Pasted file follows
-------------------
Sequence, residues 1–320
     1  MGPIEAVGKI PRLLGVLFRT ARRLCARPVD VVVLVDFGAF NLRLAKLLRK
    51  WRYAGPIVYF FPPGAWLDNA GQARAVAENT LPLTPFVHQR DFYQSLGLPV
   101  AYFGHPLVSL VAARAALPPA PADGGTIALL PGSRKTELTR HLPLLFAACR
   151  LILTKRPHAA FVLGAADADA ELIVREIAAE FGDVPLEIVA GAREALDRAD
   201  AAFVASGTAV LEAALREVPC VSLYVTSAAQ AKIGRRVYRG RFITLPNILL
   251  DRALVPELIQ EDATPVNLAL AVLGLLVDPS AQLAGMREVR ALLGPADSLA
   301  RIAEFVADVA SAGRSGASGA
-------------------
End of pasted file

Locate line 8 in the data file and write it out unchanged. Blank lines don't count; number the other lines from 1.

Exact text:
   301  RIAEFVADVA SAGRSGASGA